Treaty of Saint-Germain of 1919 (for Hungary the Treaty of Trianon of 1920) confirmed and consolidated the new order of Central Europe which to a great extent had been established in November 1918, creating new states and altering others. The German-speaking parts of Austria which had been part of Austria-Hungary were reduced to a rump state named The Republic of German-Austria (German: Republik Deutschösterreich), though excluding the predominantly German-speaking South Tyrol.[48][49][50] The desire for Anschluss (annexation of Austria to Germany) was a popular opinion shared by all social circles in both Austria and Germany.[51] On 12 November, German-Austria was declared a republic, and named Social Democrat Karl Renner as provisional chancellor. On the same day it drafted a provisional constitution that stated that "German-Austria is a democratic republic" (Article 1) and "German-Austria is an integral part of the German reich" (Article 2).[52] The Treaty of Saint Germain and the Treaty of Versailles explicitly forbade union between Austria and Germany.[53][54] The treaties also forced German-Austria to rename itself as "Republic of Austria" which consequently led to the first Austrian Republic.[55][56]

Over 3 million German-speaking Austrians found themselves living outside the new Austrian Republic as minorities in the newly formed or enlarged states of

German Bohemia (Czechoslovakia). The status of German Bohemia (Sudetenland) later played a role in sparking the Second World War.[58]

The status of South Tyrol was a lingering problem between Austria and Italy until it was officially settled by the 1980s with a great degree of autonomy being granted to it by the Italian national government.

The border between Austria and the

Karawanken
mountain range, with many Slovenes remaining in Austria.

Interwar period and World War II

After the war, inflation began to devalue the Krone, which was still Austria's currency. In autumn 1922, Austria was granted an international loan supervised by the League of Nations.[59] The purpose of the loan was to avert bankruptcy, stabilise the currency, and improve Austria's general economic condition. The loan meant that Austria passed from an independent state to the control exercised by the League of Nations. In 1925, the Schilling was introduced, replacing the Krone at a rate of 10,000:1. Later, it was nicknamed the "Alpine dollar" due to its stability. From 1925 to 1929, the economy enjoyed a short high before nearly crashing[clarification needed] after Black Tuesday.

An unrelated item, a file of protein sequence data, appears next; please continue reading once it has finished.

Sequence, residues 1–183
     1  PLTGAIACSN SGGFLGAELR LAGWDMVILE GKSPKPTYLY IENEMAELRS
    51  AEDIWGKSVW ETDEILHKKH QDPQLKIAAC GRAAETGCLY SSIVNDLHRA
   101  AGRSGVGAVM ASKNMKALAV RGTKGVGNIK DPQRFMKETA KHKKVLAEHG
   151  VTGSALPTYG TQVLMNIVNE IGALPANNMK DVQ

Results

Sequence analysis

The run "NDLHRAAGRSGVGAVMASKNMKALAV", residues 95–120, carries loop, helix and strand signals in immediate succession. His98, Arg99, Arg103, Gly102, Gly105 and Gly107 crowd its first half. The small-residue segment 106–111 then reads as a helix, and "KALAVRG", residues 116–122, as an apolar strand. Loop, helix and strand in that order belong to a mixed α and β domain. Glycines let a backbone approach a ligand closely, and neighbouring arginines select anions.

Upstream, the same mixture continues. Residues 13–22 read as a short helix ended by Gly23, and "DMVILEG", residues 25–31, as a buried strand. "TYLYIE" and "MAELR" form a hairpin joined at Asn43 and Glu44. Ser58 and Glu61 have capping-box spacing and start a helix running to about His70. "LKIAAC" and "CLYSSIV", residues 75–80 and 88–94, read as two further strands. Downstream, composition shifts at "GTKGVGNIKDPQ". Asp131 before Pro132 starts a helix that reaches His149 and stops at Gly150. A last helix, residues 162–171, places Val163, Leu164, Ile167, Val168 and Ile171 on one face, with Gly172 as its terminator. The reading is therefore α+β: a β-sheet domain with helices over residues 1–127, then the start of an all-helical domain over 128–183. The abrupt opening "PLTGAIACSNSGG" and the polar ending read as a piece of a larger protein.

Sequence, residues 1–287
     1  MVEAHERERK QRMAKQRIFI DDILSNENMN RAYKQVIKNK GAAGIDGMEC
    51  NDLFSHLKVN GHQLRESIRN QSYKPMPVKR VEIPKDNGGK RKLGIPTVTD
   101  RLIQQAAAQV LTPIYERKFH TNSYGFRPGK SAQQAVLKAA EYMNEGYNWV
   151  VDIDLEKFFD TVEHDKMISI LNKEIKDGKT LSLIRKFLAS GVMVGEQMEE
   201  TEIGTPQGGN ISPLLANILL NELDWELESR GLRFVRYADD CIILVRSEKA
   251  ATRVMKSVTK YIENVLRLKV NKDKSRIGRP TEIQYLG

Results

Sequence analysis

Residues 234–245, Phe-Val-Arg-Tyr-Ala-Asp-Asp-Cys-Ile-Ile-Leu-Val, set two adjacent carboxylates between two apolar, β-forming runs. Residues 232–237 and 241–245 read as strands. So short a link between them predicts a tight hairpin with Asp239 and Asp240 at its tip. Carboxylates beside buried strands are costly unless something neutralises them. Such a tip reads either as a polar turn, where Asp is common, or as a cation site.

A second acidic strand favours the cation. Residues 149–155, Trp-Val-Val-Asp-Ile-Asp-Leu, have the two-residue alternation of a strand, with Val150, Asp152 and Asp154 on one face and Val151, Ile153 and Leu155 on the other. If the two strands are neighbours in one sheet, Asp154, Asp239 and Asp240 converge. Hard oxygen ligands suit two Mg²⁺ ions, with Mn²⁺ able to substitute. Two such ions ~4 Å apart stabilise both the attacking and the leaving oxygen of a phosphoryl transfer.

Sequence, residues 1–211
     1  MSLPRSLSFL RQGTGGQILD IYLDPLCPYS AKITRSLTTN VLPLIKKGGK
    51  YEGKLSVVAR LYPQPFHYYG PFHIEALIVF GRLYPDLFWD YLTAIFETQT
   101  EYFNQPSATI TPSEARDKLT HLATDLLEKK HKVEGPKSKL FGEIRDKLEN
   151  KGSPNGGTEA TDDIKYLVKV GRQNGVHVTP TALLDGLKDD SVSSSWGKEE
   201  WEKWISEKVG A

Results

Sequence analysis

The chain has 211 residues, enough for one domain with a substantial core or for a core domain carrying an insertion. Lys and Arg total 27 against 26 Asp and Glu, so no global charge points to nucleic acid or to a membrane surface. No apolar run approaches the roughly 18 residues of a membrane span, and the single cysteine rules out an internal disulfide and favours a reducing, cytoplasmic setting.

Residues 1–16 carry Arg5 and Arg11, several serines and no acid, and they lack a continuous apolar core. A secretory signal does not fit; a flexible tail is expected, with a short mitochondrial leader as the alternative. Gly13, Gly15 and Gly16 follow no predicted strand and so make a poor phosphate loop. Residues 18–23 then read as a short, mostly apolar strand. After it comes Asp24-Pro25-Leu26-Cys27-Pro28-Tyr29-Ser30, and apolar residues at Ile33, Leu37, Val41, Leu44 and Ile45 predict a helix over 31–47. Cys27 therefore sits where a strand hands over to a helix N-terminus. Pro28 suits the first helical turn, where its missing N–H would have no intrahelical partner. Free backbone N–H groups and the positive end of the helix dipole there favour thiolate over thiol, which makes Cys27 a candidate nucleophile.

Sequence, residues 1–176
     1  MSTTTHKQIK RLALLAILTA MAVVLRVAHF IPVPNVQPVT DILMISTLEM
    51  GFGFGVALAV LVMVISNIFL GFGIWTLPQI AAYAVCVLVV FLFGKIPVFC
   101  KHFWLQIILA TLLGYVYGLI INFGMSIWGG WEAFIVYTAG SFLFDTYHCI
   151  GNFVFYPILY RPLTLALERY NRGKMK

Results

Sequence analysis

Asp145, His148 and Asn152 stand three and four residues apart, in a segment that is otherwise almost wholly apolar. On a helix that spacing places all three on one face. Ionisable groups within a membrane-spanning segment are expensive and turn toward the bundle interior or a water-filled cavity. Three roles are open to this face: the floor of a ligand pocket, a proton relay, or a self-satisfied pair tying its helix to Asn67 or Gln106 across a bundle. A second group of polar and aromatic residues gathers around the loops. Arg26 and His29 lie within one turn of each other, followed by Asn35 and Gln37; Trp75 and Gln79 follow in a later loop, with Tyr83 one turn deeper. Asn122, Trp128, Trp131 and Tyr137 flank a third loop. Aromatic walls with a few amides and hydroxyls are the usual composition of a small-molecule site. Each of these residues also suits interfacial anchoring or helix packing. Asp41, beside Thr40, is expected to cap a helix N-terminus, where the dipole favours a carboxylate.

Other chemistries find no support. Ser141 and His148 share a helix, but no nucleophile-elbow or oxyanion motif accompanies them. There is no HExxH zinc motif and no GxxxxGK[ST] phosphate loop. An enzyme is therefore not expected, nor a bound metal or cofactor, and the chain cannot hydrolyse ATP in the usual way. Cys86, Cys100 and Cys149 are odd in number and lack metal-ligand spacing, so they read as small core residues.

The

"self-switch-off of Parliament", established an autocratic regime tending towards Italian fascism.[60][61] The two big parties at this time, the Social Democrats and the Conservatives, had paramilitary armies;[62] the Social Democrats' Schutzbund was now declared illegal, but was still operative[62] as civil war broke out.[60][61][63]

In February 1934, several members of the Schutzbund were executed,

Nazi coup attempt.[65][66]

His successor Kurt Schuschnigg acknowledged the fact that Austria was a "German state" and he also believed that Austrians were "better Germans" but he wished that Austria would remain independent.[67] He announced a referendum on 9 March 1938, to be held on 13 March, concerning Austria's independence from Germany. On 12 March 1938, Austrian Nazis took over the government, while German troops occupied the country, which prevented Schuschnigg's referendum from taking place.[68] On 13 March 1938, the Anschluss of Austria was officially declared. Two days later, Austrian-born Hitler announced what he called the "reunification" of his home country with the "rest of the German Reich" on Vienna's Heldenplatz. He established a plebiscite which confirmed the union with Germany in April 1938.

Parliamentary elections were held in Germany (including recently annexed Austria) on 10 April 1938. They were the final elections to the Reichstag during Nazi rule, and they took the form of a single-question referendum asking whether voters approved of a single Nazi-party list for the 813-member Reichstag, as well as the recent annexation of Austria (the Anschluss). Jews, Roma and Sinti were not allowed to vote.[69] Turnout in the election was officially 99.5%, with 98.9% voting "yes". In the case of Austria, Adolf Hitler's native soil, 99.71% of an electorate of 4,484,475 officially went to the ballots, with a positive tally of 99.73%.[70] Although most Austrians favored the Anschluss, in certain parts of Austria, the German soldiers were not always welcomed with flowers and joy, especially in Vienna, which had Austria's largest Jewish population.[71] Nevertheless, despite the propaganda and the manipulation and rigging which surrounded the ballot box result, there was massive genuine support for Hitler for fulfilling the Anschluss,[72] since many Germans from both Austria and Germany saw it as completing the long overdue unification of all Germans into one state.[73]

On 12 March 1938, Austria was annexed by the

Aryanisation of the wealth of Jewish Austrians started immediately in mid-March, with a so-called "wild" (i.e. extra-legal) phase, but it was soon structured legally and bureaucratically so the assets which Jewish citizens possessed could be stripped from them. At that time, Adolf Eichmann, who grew up in Austria, was transferred to Vienna and ordered to persecute the Jews. During the November pogrom in 1938 ("Reichskristallnacht"), Jews and Jewish institutions such as synagogues were subjected to violent attacks in Vienna, Klagenfurt, Linz, Graz, Salzburg, Innsbruck and several cities in Lower Austria.[74][75][76][77][78] Otto von Habsburg, a vehement opponent of the Nazis, the last Crown Prince of Austria-Hungary, an honorary citizen of hundreds of places in Austria and partly envisaged by Schuschnigg as a monarchical option, was in Belgium at the time. He spoke out against the Anschluss and was then wanted by the Nazi regime and his property would have been expropriated and he would have been shot immediately if he were caught.[79] In 1938, the Nazis renamed Austria the "Ostmark",[68] a name which it had until 1942, when it was renamed the "Alpine and Danubian Gaue" (Alpen-und Donau-Reichsgaue).[80][81]